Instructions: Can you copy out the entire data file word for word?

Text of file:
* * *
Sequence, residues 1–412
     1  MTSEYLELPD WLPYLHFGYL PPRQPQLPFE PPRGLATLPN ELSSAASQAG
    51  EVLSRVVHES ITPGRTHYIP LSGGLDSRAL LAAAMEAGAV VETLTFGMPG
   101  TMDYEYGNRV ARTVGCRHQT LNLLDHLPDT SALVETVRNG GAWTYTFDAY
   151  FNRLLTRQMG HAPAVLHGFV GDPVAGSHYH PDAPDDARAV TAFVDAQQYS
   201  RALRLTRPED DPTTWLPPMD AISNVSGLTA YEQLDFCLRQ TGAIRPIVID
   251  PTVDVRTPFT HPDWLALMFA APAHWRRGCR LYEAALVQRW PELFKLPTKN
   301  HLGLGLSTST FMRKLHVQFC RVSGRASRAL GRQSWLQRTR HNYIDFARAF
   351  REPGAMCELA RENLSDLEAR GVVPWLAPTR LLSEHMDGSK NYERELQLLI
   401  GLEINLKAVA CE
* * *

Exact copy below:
Sequence, residues 1–412
     1  MTSEYLELPD WLPYLHFGYL PPRQPQLPFE PPRGLATLPN ELSSAASQAG
    51  EVLSRVVHES ITPGRTHYIP LSGGLDSRAL LAAAMEAGAV VETLTFGMPG
   101  TMDYEYGNRV ARTVGCRHQT LNLLDHLPDT SALVETVRNG GAWTYTFDAY
   151  FNRLLTRQMG HAPAVLHGFV GDPVAGSHYH PDAPDDARAV TAFVDAQQYS
   201  RALRLTRPED DPTTWLPPMD AISNVSGLTA YEQLDFCLRQ TGAIRPIVID
   251  PTVDVRTPFT HPDWLALMFA APAHWRRGCR LYEAALVQRW PELFKLPTKN
   301  HLGLGLSTST FMRKLHVQFC RVSGRASRAL GRQSWLQRTR HNYIDFARAF
   351  REPGAMCELA RENLSDLEAR GVVPWLAPTR LLSEHMDGSK NYERELQLLI
   401  GLEINLKAVA CE